No matter how you write it, skating's Yuna Kim spells greatness
(Fans of South Korea's Yuna Kim show their transliterated support at the world championships while fans of Japan's Mao Asada do it in Japanese characters. Jae C. Hong/Associated Press)
I had a nice e-mail from a South Korean reader who suggested that the phonetic — or transliterated — spelling being used in English for his country's great figure skating star, Kim Yu-Na, was incorrect.
He said it should be Kim Yun-A or Kim Yeon-A because it is as much a pronunciation issue as a spelling issue, and there should not be a break after the "u'' sound.
I replied that the English-language media have taken the Yu-Na spelling from the way her name is listed by the International Skating Union.
But I figured it was time to do a little more research to make sure I respect Korean culture by getting it right, especially since I will be writing and saying this young woman's name frequently between now and the 2010 Olympics, where she will be a gold medal favorite based on her performances in winning the world title last week in Los Angeles.
First of all, I have chosen to write it with the family name (Kim) first because that is the Korean manner: family name, then given name. That also is the case in Chinese, but I eventually wrote the name of Chinese figure skating world champion Chen Lu as Lu Chen because she told U.S. media that was her preference for English usage.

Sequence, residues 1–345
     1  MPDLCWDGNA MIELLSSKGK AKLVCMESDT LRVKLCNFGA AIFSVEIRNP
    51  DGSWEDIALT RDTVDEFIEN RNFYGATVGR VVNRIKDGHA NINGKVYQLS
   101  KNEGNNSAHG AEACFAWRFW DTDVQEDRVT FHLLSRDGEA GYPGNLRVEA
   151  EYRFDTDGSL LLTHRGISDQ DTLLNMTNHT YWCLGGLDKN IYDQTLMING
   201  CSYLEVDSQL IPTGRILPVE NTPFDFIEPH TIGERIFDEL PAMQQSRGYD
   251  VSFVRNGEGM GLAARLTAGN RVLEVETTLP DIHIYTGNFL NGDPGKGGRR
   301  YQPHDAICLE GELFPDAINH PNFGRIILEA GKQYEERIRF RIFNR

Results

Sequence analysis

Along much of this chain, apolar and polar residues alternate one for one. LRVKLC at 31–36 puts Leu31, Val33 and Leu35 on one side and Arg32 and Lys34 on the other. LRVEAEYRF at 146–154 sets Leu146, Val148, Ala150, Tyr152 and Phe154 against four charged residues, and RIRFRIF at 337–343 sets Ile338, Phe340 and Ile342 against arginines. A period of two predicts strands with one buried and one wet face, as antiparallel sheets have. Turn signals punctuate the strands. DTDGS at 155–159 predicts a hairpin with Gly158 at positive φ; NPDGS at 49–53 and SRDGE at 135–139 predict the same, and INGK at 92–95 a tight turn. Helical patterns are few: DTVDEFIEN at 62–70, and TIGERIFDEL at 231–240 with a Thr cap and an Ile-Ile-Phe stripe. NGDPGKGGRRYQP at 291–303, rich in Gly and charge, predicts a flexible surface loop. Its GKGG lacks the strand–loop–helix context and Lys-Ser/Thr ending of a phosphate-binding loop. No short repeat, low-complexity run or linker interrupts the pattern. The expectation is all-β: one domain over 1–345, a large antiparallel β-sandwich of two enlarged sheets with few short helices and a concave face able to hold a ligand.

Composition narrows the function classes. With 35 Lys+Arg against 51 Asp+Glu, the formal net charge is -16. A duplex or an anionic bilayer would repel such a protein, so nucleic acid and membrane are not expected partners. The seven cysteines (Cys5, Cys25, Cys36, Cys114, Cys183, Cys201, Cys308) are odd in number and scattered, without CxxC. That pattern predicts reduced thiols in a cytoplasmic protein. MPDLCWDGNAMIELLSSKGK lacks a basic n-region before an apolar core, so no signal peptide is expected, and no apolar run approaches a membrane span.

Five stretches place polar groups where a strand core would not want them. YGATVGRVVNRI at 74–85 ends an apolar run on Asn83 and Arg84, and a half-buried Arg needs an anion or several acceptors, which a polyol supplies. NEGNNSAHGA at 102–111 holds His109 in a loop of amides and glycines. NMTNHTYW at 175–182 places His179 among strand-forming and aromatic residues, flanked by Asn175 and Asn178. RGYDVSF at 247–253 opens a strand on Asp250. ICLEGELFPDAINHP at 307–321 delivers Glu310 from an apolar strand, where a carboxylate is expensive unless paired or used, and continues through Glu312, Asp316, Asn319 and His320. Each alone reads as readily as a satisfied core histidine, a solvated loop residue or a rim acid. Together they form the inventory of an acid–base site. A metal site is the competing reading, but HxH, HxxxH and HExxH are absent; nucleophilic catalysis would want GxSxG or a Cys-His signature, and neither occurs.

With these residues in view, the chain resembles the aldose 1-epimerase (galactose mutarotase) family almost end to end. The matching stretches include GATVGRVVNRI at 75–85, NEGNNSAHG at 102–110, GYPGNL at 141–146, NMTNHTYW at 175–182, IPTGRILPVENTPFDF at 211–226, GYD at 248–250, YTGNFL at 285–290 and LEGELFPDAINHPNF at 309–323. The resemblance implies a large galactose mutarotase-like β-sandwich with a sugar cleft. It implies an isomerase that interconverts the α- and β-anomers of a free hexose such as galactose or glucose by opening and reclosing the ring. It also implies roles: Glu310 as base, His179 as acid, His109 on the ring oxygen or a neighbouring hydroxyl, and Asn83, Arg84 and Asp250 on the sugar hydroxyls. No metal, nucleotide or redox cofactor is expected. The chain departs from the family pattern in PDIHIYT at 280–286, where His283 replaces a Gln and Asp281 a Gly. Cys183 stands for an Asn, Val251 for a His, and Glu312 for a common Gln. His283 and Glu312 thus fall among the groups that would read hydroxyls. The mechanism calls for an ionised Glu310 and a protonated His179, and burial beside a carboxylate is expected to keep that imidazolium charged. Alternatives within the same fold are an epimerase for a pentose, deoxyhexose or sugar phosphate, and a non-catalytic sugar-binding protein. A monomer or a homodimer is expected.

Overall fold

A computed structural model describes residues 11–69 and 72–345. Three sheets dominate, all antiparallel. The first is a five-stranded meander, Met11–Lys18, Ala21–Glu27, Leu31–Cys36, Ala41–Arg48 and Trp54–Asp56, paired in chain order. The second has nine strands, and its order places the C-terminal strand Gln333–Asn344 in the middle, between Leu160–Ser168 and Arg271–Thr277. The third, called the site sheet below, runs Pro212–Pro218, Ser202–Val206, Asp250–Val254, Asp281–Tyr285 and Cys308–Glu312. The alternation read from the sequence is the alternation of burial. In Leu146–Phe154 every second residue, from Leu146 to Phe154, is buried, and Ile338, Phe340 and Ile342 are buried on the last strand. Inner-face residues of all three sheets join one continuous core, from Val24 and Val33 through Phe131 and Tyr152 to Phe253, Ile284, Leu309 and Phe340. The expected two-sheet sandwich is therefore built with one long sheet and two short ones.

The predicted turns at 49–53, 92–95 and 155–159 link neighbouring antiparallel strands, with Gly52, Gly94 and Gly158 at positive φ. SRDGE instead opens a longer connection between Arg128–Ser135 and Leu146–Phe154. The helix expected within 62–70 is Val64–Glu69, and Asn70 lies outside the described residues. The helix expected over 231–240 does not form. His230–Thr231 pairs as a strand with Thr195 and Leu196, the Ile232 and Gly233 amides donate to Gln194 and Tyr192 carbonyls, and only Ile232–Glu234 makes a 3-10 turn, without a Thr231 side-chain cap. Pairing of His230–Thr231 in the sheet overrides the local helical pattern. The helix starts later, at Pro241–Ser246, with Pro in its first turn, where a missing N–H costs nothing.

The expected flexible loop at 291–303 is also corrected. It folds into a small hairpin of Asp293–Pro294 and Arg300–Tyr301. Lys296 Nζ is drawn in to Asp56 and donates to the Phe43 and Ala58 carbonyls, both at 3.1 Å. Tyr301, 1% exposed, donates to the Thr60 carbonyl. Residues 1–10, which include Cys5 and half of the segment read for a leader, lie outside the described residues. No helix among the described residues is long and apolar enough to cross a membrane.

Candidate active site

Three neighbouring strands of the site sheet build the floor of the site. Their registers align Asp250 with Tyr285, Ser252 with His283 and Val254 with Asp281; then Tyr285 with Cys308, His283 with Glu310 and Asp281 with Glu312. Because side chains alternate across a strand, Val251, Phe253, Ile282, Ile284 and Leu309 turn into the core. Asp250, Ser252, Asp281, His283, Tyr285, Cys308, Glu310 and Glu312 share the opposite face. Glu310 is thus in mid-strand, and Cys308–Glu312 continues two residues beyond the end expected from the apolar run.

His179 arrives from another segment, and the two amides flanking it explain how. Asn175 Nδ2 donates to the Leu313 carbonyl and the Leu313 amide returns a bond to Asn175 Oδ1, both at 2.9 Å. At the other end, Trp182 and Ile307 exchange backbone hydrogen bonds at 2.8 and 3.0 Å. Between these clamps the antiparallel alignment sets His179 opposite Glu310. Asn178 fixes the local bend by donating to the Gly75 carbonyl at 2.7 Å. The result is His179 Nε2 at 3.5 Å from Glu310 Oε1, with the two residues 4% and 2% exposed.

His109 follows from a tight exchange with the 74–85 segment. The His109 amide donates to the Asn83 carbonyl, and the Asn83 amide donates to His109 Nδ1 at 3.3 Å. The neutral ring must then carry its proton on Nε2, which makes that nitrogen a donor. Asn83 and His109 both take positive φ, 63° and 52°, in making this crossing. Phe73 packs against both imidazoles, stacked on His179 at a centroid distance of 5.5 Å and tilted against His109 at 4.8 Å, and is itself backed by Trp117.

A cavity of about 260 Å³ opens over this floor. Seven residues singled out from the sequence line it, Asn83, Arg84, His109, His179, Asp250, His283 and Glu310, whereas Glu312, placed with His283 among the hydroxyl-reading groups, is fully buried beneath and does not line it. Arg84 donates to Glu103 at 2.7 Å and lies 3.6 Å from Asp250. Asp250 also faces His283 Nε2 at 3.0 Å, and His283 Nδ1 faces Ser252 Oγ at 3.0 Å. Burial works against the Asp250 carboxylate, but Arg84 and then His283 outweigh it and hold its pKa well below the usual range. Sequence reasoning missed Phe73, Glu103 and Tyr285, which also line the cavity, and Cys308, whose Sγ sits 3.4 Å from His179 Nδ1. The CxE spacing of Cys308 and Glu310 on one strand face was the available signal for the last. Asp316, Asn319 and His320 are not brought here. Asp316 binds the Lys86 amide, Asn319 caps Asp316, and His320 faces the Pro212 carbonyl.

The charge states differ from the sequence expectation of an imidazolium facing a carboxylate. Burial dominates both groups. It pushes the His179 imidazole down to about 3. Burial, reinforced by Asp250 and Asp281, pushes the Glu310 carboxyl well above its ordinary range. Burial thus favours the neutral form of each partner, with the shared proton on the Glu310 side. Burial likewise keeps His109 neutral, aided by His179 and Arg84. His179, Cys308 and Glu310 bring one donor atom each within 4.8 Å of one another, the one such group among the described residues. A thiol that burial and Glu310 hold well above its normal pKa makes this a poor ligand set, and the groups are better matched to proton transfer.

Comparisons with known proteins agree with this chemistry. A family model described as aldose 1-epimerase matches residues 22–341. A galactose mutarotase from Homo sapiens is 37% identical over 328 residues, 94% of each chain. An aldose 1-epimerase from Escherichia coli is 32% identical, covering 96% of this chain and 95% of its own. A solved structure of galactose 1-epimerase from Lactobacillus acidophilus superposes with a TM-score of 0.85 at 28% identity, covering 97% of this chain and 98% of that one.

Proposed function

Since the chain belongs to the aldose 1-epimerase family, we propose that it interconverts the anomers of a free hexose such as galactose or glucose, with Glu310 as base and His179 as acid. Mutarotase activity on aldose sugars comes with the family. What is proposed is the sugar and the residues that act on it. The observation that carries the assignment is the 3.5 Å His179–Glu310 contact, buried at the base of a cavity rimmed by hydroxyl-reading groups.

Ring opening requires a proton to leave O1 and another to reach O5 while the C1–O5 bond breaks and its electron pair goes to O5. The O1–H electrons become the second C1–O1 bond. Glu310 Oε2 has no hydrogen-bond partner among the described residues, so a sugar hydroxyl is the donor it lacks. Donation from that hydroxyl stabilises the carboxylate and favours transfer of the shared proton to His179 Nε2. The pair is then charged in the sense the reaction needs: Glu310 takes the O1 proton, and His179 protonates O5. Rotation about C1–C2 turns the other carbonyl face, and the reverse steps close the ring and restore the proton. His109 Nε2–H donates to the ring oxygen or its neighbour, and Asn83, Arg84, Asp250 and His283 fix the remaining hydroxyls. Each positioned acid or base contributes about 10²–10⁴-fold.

I called the South Korean consulate in Chicago to check on the correct way to write Kim's given name, and this is what Lee Eun (who signed her e-mail Eun Lee) told me:
"According to her official website, the preferred spelling of her name is 'Yuna.' Your reader was correct in pointing out the subtle differences between 'Kim Yu-Na' and 'Kim Yun-A' (or 'Yeon-A') because her Korean name is pronounced 'Gim Yuhn Ah.' ''
(That pronunciation has a hard "G,'' like "gimmick,'' and a short "u,'' like "un.'')
"Having said that,'' Lee's e-mail continued, "Ms. Kim is a world-class athlete who is competing on an international level and may have made a conscious choice to make her name . . . easier for foreigners to understand and remember. The ISU lists her name as 'Yu-Na Kim' and so does NBC. I doubt it would have been written as such without the consent of her team.''
The same could apply to the order of the names, Lee said, suggesting it might be better to avoid confusion by putting the given name first.
So what would Ms. Lee's personal choice be for English use of her countrywoman's name?
OK by me.
Now let's see if I can get everyone else to go along.
But, as Shakespeare might have said, a Yuna by another name, like Yu-Na or Yun-A, would skate as great.
— Philip Hersh